Paying the piper: Why we must pass TABOR reform
I moved to Colorado a little more than a year ago. I’d been in Summit County something like 30 seconds when I first heard a reference to TABOR.OK, I exaggerate.It was more like five minutes. And I’m not exaggerating. I get to my new house, meet my new neighbor and in the course of that conversation find out he’d been doing part-time lobbying work in Denver. The focus of the lobbying? TABOR. I don’t like paying taxes. Who does?But I do understand that taxes are necessary, which is why the agreement formulated by Gov. Bill Owens and a majority of the Colorado Legislature should pass come fall.Is it a perfect solution? Not even close. Does it solve all the issues? Even further from being close. Is it the only option we can likely expect from the Legislature? Yep.
In overly simplified terms, TABOR, which is an acronym for the Taxpayers Bill of Rights, places a cap on spending. From what I’ve read and been told, government spending in the go-go 1990s did get a bit out of hand. So it’s not hard to understand why many felt it needed reigning in. That’s why voters passed the constitutional amendment in 1992.The problem is TABOR is tied to the economy. When things are good, there’s enough money. When things aren’t good there isn’t enough money. Which is why spending on everything from transportation to health services to corrections to programs for the disabled have been cut during the economic downturn since 2001.Of course, to make a difficult situation untenable four years ago, the voters pushed through Amendment 23 that mandates increased education spending … without any funding mechanism to back it up.So we ended up with two successful voter-backed constitutional amendments that work against each other.Proponents say that TABOR is designed to give government the incentive to spend less and run itself like a business.
I love that analogy.Government should be run more like a private business. Which one? Enron? WorldCom? HealthSouth?Bringing many of the free market concepts of business to government makes absolutely good sense – consolidating services, competitive outsourcing, seeking the best service for the most reasonable cost – but the reality is government will never operate exactly as a business does.I’m a Republican and a fiscal conservative at that, but I’m also a pragmatist. So as you might imagine, I was never a fan of Jimmy Carter, perhaps the most ineffective White House resident ever. Nonetheless, I recall something Carter wrote in an essay about 10 years ago.”There is an enormous chasm between the relatively rich and powerful people who make decisions in government, business and finance and our poorer neighbors who must depend on these decisions to alleviate the problems caused by their lack of power and influence,” he said. That pretty much defines why government should not operate solely with the bottom line in mind.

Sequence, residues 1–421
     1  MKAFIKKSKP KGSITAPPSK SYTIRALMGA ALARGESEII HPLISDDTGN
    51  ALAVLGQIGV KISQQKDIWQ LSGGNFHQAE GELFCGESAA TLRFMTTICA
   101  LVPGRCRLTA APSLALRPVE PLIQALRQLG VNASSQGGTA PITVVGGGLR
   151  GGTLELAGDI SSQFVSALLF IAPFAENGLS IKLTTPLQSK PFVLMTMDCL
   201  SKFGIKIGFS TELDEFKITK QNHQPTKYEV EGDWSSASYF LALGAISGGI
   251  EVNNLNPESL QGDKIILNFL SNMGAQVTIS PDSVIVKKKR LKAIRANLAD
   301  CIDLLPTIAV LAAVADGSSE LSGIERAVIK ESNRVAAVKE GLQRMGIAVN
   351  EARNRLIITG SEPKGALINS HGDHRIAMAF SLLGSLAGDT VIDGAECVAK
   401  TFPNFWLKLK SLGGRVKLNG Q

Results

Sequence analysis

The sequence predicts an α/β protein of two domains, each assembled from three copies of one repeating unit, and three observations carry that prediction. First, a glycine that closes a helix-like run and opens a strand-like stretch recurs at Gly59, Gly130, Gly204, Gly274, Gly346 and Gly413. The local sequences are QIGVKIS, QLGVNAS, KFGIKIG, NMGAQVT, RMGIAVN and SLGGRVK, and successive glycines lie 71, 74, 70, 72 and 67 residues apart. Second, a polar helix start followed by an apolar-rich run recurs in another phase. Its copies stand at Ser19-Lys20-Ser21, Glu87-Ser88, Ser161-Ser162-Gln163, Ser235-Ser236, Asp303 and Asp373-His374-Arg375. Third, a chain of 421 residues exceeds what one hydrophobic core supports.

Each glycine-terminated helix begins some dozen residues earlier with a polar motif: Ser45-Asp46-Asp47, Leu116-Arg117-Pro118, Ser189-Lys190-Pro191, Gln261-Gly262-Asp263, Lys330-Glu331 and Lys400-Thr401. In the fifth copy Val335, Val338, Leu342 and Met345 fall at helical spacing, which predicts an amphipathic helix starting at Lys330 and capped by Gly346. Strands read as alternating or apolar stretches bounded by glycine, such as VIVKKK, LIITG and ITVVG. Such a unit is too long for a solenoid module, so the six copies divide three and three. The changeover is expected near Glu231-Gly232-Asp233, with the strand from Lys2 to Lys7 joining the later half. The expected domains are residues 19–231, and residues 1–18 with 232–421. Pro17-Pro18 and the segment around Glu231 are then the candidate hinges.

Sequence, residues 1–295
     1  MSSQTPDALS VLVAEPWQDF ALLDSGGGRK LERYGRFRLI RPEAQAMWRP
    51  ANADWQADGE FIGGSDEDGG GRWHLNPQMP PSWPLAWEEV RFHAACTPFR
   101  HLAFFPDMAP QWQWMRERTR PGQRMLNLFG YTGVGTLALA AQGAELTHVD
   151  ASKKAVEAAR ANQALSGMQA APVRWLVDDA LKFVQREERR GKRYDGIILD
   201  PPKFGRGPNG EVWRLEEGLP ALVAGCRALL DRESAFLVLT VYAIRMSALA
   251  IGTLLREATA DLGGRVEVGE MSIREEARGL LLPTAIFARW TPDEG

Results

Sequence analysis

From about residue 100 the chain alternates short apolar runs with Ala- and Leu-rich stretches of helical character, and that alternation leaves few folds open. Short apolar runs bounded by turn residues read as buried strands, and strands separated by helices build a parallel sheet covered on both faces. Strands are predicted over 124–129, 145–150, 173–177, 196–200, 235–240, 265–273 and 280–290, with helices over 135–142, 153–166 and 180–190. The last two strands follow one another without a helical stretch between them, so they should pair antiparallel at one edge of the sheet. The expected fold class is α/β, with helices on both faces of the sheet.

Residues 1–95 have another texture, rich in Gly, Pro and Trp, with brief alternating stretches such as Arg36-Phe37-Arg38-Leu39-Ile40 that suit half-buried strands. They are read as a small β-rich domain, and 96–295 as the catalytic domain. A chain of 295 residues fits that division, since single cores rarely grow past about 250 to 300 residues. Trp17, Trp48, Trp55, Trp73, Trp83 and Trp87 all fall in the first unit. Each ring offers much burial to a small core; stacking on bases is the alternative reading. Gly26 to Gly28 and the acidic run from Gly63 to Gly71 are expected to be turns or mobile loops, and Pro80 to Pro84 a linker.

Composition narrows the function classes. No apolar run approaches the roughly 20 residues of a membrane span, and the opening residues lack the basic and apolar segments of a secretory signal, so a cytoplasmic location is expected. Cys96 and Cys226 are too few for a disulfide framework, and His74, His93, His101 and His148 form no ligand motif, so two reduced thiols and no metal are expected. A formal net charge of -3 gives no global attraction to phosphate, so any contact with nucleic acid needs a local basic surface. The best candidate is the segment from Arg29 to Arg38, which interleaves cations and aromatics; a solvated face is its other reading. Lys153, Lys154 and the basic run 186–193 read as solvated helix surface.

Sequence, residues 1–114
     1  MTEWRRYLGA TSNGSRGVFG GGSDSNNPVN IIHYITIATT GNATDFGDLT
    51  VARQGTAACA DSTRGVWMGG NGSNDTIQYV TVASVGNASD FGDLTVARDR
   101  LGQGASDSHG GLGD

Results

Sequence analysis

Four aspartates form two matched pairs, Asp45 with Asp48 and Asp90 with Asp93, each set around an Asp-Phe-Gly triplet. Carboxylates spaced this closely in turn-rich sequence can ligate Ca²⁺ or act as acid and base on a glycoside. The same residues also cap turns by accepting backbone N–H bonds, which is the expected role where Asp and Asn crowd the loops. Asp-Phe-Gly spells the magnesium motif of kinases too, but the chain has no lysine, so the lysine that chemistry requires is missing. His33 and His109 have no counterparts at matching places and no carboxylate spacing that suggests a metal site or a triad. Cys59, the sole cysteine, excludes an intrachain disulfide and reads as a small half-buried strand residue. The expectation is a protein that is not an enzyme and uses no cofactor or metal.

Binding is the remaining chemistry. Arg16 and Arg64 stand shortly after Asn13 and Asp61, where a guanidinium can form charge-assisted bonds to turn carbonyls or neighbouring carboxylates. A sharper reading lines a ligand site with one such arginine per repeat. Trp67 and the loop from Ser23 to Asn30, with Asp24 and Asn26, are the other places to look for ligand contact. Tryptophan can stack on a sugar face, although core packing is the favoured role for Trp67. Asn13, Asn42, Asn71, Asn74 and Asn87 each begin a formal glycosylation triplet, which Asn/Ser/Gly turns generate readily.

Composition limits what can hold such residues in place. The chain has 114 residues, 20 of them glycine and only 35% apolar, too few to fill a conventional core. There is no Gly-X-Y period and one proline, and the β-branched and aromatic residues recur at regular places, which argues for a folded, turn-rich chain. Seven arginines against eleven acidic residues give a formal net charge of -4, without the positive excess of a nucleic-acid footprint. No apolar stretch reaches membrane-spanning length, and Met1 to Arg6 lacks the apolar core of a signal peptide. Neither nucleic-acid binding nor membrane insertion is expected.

In a nutshell, the compromise that will go before voters is a five-year “timeout” from the constitutional spending cap that requires state government revenue to grow no more than population growth plus inflation. In plain terms, your tax refund from the state of Colorado for the next five years will be smaller … or nonexistent.Critics say the measure isn’t needed because there’s no sure evidence that there will be a continuing shortfall in revenues. I find that extremely hard to swallow.In the last century, every time the price of oil has increased significantly, and I think we can all agree that a doubling of the cost of oil is significant, an economic downtown, i.e., recession has followed.It really comes down to a pretty simple concept. You pay for what you get. And if this state is to move forward, it’s going to cost money. Publisher Jim Morgan writes a Tuesday column. He can be reached at (970) 668-3998 or email@example.com.
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